Electroluminescent Wire

Want to see something cool? Pieter of Arcana in the Netherlands shares a successful experiment in Electroluminescent Wire on a larp weapon.

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Inspired by this illustration, this sword is 1.5m long, with two AAA batteries in the handle and a converter housed near the crossguard.

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When powered on, the neon string lights up.

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And finally, a quick video. We’d never seen this done before, it looks like a really neat way to improve a weapon for a fantasy/scifi game. Thanks for sharing your creations, Pieter!

If you’ve got something new or interesting in the world of foamsmithing, write in to contact@foamsmithing.com – we’d love to hear about it!

Open Call for Smiths

We’ve about accomplished our primary goal of categorizing all of our favorite boffer building tutorials, and we would like to now open the site up more to the global foamsmithing community. If you have  a tutorial, a pic of a great weapon, a killer video of fighting at your larp, or an idea you’d like to share, let us know! We don’t have an agenda, other than we love to build foam weapons.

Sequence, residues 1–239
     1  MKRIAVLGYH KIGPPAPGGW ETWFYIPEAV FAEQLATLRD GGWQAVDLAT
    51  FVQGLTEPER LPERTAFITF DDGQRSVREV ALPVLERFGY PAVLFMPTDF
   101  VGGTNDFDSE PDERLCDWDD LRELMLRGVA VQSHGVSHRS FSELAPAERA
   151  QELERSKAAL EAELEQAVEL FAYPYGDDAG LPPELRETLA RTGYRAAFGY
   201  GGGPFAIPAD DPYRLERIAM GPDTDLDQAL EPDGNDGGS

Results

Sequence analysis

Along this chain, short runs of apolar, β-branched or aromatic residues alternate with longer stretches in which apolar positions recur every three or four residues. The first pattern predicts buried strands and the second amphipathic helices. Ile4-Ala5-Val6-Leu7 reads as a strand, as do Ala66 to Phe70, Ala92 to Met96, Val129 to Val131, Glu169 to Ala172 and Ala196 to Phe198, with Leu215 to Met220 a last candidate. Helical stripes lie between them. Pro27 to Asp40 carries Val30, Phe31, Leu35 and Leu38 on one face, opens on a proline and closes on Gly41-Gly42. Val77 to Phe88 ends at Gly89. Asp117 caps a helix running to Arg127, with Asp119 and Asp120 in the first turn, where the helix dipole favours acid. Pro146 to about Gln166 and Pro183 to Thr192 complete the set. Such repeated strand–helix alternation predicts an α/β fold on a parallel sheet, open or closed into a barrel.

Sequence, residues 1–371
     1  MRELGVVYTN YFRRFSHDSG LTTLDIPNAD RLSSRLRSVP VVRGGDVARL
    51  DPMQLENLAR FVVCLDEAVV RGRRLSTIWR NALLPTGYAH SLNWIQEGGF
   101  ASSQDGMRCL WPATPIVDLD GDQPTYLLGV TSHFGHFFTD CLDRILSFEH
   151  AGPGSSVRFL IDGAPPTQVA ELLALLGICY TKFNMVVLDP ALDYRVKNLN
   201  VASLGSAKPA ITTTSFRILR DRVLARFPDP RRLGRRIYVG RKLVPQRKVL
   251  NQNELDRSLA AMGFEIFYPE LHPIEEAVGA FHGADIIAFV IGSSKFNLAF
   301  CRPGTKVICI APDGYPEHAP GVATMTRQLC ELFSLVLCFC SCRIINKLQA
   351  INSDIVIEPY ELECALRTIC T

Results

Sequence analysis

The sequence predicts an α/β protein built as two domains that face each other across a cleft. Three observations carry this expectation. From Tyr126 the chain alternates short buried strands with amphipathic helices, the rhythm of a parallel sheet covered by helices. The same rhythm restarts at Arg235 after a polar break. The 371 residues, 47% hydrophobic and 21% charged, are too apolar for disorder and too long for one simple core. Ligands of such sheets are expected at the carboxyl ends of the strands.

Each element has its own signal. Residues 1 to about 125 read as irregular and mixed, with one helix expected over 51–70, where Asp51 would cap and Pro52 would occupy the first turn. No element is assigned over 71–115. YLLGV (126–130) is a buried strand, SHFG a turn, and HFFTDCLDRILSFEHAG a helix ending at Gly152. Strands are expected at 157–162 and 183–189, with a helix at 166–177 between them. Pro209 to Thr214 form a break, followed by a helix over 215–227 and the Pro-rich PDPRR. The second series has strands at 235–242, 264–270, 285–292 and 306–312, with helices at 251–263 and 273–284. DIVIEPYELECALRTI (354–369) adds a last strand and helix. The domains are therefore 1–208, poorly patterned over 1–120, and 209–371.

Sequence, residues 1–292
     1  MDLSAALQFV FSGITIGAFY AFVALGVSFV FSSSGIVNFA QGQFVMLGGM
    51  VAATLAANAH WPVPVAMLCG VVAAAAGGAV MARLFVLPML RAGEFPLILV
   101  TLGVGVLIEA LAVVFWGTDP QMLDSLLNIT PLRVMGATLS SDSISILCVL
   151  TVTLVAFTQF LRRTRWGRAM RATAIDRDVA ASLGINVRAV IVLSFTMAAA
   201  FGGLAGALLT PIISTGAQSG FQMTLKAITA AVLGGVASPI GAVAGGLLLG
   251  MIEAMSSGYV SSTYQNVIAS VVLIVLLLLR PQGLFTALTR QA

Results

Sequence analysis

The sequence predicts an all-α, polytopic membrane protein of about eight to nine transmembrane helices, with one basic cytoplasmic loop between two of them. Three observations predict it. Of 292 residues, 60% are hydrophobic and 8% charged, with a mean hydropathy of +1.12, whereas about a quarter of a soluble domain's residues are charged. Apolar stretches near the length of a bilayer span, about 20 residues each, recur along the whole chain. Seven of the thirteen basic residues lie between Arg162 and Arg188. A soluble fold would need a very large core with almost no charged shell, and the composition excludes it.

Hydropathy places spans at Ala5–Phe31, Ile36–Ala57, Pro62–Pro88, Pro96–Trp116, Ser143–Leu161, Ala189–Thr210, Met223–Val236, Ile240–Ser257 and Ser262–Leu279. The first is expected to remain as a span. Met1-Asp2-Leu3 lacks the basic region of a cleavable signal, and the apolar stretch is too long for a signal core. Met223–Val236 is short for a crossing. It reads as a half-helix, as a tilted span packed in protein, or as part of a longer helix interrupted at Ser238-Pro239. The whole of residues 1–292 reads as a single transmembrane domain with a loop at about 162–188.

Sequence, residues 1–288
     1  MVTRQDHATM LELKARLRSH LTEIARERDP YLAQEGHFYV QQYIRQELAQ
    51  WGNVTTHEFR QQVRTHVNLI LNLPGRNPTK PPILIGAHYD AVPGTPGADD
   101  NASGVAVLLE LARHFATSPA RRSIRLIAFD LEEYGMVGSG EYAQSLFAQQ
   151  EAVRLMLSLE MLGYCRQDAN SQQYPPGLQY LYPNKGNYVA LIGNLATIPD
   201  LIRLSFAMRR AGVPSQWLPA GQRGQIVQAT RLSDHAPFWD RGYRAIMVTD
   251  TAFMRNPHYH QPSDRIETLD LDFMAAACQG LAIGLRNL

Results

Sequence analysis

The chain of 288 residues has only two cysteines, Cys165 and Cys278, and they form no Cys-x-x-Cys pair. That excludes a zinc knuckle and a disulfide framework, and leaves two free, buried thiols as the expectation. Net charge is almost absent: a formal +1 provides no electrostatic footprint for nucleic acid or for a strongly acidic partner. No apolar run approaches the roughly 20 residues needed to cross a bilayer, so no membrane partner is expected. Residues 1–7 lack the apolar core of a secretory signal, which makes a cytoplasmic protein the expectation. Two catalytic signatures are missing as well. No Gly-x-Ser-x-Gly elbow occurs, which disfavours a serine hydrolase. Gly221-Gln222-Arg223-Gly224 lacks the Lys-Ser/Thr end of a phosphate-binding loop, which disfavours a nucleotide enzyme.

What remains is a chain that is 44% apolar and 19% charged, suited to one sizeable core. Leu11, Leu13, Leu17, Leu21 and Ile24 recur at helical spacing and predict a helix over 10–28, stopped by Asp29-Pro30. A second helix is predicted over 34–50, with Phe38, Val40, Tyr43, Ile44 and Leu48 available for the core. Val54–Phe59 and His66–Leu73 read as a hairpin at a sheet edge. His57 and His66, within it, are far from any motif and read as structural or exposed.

Andrick’s Shield

Wrapshot has another killer shield up:

Really amazing. And the detail carries through to the back of the shield, which not only doesn’t have karate belts or nylon, but doesn’t look like a boffer weapon at all, but a shield fit for a Duke.

How to make Hilt Guards-Two Basic Guides Posted!

A basic guard can turn a good sword into a masterpiece.  There are two (similar) methods we use to make guards.  You can embellish the basic process to create tsubas, crossguards, or even a basket hilt (with the Stack Method).  Both methods are durable and easy to construct.  The Box Sandwich method is slightly less reliable (less foam contact with the core) and can only be used with 1/2″ fiberglass.

A basic guard made with the stack method